As discussed before, testing seems to put a damper on the emergent education philosophy.  An emergent environment is meant to stimulate new ideas, not to conform to old ideals.  If the classroom is preaching that there is no ‘right’ answer and encouraging discussion to culminate into a new idea, the subsequent giving of a test where a ‘right’ answer is encouraged will ultimately backfire upon the emergent classroom that once existed.  The students will resort back to pleasing the teacher and looking only for the right answer, rather than exploring options.  It seems to me that a better way of assessing progress could be done in several ways.

    First, I think that participation points could be a useful tool.  If the students are not told that participation points are awarded, I do not believe that students would purposefully try to say as much as possible in order to receive a better grade.  I also think that students’ assessment of others, when working in a group, is a helpful anchor to base grades upon—this fits in with what I mentioned earlier about gathering a new perspective.  However, participation points also has a downside: students may focus on just pleasing the teacher and conforming to what they believe the teacher wants to hear or the discussion is aiming toward, rather than letting themselves think outside of the box.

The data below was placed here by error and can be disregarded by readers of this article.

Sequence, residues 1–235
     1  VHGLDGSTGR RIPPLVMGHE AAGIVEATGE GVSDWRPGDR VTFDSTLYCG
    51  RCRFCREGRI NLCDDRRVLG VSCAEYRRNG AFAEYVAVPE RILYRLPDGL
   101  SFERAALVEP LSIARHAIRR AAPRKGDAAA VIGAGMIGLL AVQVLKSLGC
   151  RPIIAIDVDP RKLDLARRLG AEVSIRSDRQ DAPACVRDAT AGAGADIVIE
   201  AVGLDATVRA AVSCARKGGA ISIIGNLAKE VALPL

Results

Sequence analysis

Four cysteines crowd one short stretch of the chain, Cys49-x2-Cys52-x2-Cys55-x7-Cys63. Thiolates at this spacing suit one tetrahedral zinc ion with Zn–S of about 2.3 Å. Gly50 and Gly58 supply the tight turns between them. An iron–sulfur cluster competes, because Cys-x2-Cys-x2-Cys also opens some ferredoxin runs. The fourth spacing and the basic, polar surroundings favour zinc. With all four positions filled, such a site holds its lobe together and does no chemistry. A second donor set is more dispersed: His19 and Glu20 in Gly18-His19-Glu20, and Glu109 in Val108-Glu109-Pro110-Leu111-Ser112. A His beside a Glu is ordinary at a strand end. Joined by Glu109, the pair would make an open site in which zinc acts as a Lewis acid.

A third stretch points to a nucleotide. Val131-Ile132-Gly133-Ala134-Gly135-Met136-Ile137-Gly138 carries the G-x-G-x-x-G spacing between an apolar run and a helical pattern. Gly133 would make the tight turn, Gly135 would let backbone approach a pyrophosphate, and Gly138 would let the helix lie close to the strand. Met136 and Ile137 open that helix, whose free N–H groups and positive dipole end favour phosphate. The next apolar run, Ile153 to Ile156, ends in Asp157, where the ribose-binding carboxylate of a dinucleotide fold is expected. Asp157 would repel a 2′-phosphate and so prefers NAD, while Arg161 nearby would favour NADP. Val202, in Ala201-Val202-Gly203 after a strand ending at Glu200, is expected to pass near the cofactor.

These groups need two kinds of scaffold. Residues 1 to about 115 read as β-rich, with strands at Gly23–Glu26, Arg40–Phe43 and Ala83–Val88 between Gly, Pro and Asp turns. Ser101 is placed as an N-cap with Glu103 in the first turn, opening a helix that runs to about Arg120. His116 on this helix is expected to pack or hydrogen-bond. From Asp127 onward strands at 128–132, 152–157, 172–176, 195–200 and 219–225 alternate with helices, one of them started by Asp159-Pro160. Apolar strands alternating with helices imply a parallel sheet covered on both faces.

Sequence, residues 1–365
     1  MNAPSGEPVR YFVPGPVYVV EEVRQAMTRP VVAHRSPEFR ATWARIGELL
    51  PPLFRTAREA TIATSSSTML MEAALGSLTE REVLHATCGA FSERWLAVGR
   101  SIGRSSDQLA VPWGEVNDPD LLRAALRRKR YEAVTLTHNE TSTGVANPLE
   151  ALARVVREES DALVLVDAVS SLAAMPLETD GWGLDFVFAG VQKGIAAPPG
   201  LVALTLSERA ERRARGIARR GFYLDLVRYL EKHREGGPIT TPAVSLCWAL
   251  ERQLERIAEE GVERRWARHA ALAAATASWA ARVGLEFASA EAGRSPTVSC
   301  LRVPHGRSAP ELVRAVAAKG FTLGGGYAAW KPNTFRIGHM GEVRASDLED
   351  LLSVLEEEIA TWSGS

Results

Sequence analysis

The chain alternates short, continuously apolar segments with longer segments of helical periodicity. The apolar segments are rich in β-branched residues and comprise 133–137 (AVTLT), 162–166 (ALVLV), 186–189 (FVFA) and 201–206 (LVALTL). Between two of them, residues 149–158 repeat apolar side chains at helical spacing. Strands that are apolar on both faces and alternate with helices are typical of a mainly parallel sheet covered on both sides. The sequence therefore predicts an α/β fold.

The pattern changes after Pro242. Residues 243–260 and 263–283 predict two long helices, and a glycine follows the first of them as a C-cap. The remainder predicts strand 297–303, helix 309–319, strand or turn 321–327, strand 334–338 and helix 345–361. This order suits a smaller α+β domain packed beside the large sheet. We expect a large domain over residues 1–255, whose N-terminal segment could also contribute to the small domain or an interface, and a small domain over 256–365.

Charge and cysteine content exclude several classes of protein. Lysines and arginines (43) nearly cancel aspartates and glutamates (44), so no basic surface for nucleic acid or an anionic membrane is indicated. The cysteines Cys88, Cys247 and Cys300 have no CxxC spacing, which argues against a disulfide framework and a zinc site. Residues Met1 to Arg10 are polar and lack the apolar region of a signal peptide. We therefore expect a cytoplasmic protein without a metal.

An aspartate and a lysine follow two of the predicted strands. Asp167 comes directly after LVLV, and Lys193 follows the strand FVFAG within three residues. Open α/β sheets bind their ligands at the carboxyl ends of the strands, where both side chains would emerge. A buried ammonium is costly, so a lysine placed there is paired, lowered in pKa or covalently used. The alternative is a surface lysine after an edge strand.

Second, I believe that open-ended essays or papers can facilitate new ideas and help in the grading process.  While it is harder to come up with your own idea for a paper, I believe that this process could help to broaden a student’s interests and knowledge in the topic.  When reading the paper, the grade could be based upon how much the student has stepped outside of the box or has explored a new realm to an old question. 

    Third, we discussed that growth should be a component of grading.  It is necessary, through emergent teaching, for the developmental process to be the most important factor—not the end result.  For that reason, why shouldn’t we factor in that growth process into the grade?  While it is very hard to decide how to do this, I think this must be discussed and implemented in order to make the grade more comprehensive.